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    The Serf, the Knight, and the Historian (Paperback) By (author) Dominique Barthelemy, Translated by Graham Robert Edwards

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    Description"The term 'feudal society' is a caricature. It was invented by nineteenth-century historians to capture a particular period in French history, that of the retreat of monarchy (and thus of state authority) and the supposed tyranny of fiefdoms. It had its uses. As caricatures go, it was no worse than many others. But it was both reductionist and unbalanced. Among other things, it reduced society to bonds of dependency that were ritualized and personalized, and it imagined a scenario of quasi-independent castles, each with its own knights, existing in a state of continuous warfare with one another. It largely ignored other links and networks, and it overlooked the fact that warfare between neighbors was intermittent and limited. Meanwhile, in the real world, apart from such conflict-though sometimes through it-social construction was going on." Dominique BarthelemyIn a collection of combative essays, updated for this new translation, Dominique Barthelemy presents a sharply revisionist account of the history of France around the year 1000. He challenges the view, developed in the enormously influential writings of Georges Duby and others, that France underwent a kind of revolution at the millennium that transformed it into the classic feudal, or seigneurial, society we know from a host of college textbooks.Barthelemy advances his own original views, positing a much more complex and incremental evolution, and maintaining that the post-Carolingian world was more dynamic and creative than Duby and his successors have held. Barthelemy's view requires historians to radically rethink their notions of the history of serfs and nobles, of the so-called Peace of God movements, of the influence (indeed, even the existence) of millenarian fears, and of the nature of the legal system in early medieval Europe. Moreover, it challenges the utility of the term "feudalism" itself, and of our notion that Europe of the High Middle Ages was a "feudal society."Originally published in French under the title La mutation de l'an mil a-t-elle eu lieu?, this book has generated loud debate on both sides of the Atlantic. In addition to having been revised throughout, the Cornell edition contains a new preface, concluding chapter, and bibliography."

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  • Full bibliographic data for The Serf, the Knight, and the Historian

    The Serf, the Knight, and the Historian
    Authors and contributors
    By (author) Dominique Barthelemy, Translated by Graham Robert Edwards
    Physical properties
    Format: Paperback
    Number of pages: 368
    Width: 152 mm
    Height: 234 mm
    Thickness: 23 mm
    Weight: 544 g
    ISBN 13: 9780801475603
    ISBN 10: 0801475600

    Warengruppen-Systematik des deutschen Buchhandels: 25520
    B&T Book Type: NF
    BIC geographical qualifier V2: 1DDF
    BIC E4L: HIS
    Nielsen BookScan Product Class 3: T5.0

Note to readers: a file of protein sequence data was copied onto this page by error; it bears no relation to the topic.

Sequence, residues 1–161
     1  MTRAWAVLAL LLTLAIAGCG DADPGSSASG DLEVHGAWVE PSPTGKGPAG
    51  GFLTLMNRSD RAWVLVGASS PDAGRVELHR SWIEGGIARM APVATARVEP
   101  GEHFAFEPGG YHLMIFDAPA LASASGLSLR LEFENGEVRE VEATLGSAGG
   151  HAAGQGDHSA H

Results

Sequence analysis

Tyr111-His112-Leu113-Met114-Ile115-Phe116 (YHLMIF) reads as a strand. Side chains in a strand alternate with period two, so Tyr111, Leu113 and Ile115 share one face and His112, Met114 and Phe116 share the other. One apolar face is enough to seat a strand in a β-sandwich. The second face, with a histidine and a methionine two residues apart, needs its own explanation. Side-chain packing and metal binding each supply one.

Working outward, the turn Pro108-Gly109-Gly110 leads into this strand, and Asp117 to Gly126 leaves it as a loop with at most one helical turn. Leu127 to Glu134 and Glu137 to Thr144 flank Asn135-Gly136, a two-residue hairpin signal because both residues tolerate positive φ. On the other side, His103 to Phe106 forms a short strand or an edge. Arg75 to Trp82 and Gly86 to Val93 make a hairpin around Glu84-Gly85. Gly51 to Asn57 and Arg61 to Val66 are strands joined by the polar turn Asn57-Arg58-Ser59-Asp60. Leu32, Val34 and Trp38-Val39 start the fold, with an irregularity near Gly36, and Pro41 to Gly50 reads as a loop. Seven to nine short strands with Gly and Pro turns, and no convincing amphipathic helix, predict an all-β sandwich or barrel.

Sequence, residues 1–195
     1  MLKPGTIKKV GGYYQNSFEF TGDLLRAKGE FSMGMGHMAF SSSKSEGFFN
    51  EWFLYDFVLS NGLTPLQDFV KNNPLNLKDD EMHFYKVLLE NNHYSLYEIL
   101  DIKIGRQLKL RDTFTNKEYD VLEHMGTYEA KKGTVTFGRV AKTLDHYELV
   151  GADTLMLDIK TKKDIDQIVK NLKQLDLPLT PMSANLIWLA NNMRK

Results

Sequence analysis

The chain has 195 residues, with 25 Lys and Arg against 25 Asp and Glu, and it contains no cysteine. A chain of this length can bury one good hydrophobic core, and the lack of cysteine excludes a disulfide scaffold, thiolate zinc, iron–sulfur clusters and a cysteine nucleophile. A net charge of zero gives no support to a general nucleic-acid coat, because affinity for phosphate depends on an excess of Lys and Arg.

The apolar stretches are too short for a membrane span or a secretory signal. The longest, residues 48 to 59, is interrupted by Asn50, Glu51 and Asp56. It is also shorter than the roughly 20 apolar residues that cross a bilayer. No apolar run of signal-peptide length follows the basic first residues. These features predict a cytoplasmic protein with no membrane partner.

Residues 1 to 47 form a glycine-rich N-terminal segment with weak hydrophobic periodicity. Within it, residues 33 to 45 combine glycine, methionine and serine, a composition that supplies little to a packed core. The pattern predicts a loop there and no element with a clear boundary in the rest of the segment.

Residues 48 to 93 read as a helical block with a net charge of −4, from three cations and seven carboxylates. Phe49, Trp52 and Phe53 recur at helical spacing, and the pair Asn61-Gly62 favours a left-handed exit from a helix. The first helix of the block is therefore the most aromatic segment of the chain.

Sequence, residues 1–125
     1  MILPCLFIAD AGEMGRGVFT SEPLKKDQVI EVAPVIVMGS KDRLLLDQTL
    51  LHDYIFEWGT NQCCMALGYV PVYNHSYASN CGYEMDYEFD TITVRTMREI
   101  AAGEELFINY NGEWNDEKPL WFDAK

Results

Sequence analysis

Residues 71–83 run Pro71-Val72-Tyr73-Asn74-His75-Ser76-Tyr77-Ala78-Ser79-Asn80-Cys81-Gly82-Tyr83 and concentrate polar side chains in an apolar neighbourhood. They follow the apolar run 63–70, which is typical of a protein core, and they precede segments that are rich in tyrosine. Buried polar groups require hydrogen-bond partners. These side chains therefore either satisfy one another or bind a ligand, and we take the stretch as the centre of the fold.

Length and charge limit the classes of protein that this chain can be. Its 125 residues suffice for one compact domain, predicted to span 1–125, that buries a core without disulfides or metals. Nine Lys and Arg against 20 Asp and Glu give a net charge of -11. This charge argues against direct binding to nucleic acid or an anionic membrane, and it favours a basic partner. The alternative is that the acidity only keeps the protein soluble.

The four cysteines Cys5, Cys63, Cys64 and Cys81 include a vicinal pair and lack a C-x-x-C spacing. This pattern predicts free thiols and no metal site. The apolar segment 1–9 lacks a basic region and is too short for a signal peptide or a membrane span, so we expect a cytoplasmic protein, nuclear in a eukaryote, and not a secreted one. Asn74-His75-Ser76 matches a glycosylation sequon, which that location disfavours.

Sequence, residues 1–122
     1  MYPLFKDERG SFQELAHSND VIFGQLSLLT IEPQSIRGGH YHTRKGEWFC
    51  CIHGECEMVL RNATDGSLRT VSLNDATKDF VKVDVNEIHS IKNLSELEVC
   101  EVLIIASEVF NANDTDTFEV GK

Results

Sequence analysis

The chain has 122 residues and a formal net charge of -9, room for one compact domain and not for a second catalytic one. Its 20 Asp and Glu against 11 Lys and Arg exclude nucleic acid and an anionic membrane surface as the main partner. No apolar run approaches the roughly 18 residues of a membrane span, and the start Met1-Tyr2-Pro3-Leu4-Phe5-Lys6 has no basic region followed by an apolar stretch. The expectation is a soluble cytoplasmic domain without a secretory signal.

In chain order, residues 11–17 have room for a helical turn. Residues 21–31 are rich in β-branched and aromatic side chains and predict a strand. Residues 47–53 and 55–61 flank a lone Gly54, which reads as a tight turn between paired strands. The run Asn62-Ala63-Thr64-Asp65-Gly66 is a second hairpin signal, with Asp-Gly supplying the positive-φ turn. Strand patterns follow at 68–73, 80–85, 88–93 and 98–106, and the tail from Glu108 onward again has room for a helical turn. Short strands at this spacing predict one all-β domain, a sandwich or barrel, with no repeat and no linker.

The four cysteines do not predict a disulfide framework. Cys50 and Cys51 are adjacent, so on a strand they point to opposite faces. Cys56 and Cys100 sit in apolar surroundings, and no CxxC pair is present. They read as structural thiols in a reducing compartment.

BIC time period qualifier V2: 3H
    B&T Modifier: Region of Publication: 01
    B&T Modifier: Subject Development: 01
    B&T Modifier: Geographic Designator: 05
    Libri: I-HP
    Ingram Subject Code: HP
    Ingram Theme: CHRN/MEDIVL
    B&T General Subject: 431
    BISAC V2.8: HIS013000
    BISAC Merchandising Theme: ET050
    Ingram Theme: CULT/FRANCE
    BIC subject category V2: HBLC1
    BISAC V2.8: HIS010000
    DC22: 944.02
    BISAC V2.8: SOC050000
    B&T Modifier: Academic Level: 02
    BISAC V2.8: HIS037010, HIS016000
    B&T Merchandise Category: UP
    B&T Modifier: Geographic Designator: 17
    LC subject heading:
    BISAC V2.8: HIS049000
    BIC subject category V2: 3H, 1DDF
    LC subject heading:
    BISAC region code:
    LC subject heading: ,
    DC22: 305.50944/09021
    LC classification: DC33.2 .B3413 2009
    LC subject heading:
    DC22: 305.50944090
    LC subject heading:
    Thema V1.0: NHB, NHD, N, NHDJ
    Thema geographical qualifier V1.0: 1DDF
    Thema time period qualifier V1.0: 3KL, 3K
    Cornell University Press
    Imprint name
    Cornell University Press
    Publication date
    01 February 2009
    Publication City/Country
    Review quote
    "Dominique Barthelemy is in my book the most interesting historian of the middle ages writing today in France, or possibly anywhere else. He combines the best of the French intellectual tradition with a deep understanding of what Anglophone anthropology and legal studies have to offer. His persuasive pen draws readers to approve the unexpected beauties his imagination and broad learning constantly elicits from his texts.The fertility of his mind seems unceasing. In this book, he transcends controversy over the supposed 'Mutation'of the year 1000, to convincingly reshape a gradual European social change over the medieval centuries around the ever-changing notions of serf and knight. This English version is more than translation of the 1997 French edition; with subtle rethinking and added chapters, it constitutes a significantly improved edition. This is a book to enjoy, but also to engage with. It will stand alongside Marc Bloch's Feudal Society and the oeuvre of Georges Duby, both as an exemplary demonstration of historical imagination and the evocation of medieval society for the twenty-first century." Paul Hyams, Cornell University"